Ipatiev House - Romanov Memorial - The tragic end of the last Czar of Russia
Ipatiev House - Romanov Memorial - The tragic end of the last Czar of Russia
- The Drama - To Bottom
     On July, 17, 1918, shortly after midnight, Yakov Yurovsky, the head Bolshevik captor of the royal family awoke his prisoners and asked them to go down in the house basement to take shelter. He said that the white army were encircling the city and that battle was imminent.
     Former Czar Nicholas II, his wife Aleksandra, their four daughters, Olga, Tatiana, Maria and Anastasia, Tsarevich Alexei, and their faithful: Doctor Botkin, lady-in-waiting Anna Demidova, cooker Kharitonof and footman Trupp quickly woke up.

     Way followed by Romanovs the night of the drama ->

Ipatiev House - Romanov Memorial - The tragic end of the last Czar of Russia
 

 Ipatiev House - Romanov Memorial - The tragic end of the last Czar of Russia

     After getting themselves ready, the prisoners went down in the house basement under Yurovsky's leadership to a cellar room where he asked them to wait so that he could prepare their departure towards a safer place.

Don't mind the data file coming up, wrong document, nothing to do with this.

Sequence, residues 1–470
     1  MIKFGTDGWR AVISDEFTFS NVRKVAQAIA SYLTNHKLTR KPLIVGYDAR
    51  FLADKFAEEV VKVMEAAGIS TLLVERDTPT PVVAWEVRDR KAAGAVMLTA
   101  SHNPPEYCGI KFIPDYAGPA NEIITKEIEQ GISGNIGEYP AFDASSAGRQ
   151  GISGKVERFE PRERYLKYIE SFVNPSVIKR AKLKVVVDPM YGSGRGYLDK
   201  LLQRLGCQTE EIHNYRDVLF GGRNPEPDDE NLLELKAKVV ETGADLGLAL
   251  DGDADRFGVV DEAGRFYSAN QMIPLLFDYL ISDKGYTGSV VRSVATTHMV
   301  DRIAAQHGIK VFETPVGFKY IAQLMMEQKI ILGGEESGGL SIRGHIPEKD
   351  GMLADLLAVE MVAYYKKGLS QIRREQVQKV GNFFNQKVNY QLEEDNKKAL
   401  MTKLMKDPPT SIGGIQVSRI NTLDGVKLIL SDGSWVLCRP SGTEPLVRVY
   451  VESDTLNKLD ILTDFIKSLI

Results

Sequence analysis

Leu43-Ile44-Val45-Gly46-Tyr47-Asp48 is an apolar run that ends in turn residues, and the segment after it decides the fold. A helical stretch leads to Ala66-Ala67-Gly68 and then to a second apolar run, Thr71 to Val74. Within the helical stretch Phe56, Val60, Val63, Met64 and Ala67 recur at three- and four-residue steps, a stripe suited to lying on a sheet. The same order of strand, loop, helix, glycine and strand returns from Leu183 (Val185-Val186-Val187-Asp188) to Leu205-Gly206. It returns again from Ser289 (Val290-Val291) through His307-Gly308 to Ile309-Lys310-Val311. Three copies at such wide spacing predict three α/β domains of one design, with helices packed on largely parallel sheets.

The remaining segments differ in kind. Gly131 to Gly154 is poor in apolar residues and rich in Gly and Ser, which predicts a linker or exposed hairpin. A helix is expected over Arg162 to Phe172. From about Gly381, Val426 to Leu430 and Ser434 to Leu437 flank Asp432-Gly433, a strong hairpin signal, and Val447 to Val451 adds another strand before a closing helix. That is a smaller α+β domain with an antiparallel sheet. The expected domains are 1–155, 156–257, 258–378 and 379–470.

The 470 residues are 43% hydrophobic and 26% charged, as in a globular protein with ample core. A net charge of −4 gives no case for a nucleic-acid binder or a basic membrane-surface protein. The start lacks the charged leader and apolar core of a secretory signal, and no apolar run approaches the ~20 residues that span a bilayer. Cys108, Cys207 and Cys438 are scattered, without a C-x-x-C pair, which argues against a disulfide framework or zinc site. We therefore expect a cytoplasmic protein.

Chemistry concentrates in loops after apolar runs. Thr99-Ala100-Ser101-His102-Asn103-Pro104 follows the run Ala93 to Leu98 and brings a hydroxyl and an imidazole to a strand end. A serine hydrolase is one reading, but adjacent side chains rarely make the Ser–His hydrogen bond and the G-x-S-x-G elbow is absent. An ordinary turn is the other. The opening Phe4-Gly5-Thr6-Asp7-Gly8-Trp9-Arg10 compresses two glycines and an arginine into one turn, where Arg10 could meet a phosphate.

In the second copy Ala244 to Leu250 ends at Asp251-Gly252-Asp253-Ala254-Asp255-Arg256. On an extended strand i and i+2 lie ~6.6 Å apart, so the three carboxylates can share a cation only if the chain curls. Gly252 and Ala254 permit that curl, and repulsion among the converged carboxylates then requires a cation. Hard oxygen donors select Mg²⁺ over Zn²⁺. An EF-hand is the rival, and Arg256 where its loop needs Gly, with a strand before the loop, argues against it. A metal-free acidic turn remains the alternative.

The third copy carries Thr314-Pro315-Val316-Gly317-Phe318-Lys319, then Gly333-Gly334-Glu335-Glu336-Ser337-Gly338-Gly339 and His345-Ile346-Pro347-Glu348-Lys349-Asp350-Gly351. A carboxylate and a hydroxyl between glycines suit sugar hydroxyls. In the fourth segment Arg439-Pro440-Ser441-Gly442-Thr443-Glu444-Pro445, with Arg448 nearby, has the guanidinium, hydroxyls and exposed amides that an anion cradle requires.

Outside, the Romanovs could hear an engine noise. Yurovsky disappeared.
     For the prisoners, the waiting was prolonged. Aleksandra asked for some chairs. Someone brought them two. Suddenly, Yurovsky entered the room with 10 militia, armed with rifles and pistols, who formed a killing rank.

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     All testimonies about the murder mention a note written by Yurovsky and that was quickly read by him to Romanov just before the execution. On the other hand, the content of the note is more discussed...
     Yurovsky claims to have said something like "Nicholas Alexandrovitch, your friends have tried to save you but they did not succeed and we are obliged to put you to death".
     These words make reference to the differents plots (real or imagined by the Soviets to justify the execution) which would have been made to free Romanovs during their captivity.
     This version was kept by the judge Sokolov in his work and by Pierre Gilliard in his book.
     Other witnesses or sources have a different point of view. According to them, the note sounded like "Because your relatives in Europe carry on their attacks against the Soviet Russia, the Executive committee of Ural had decided to shoot you".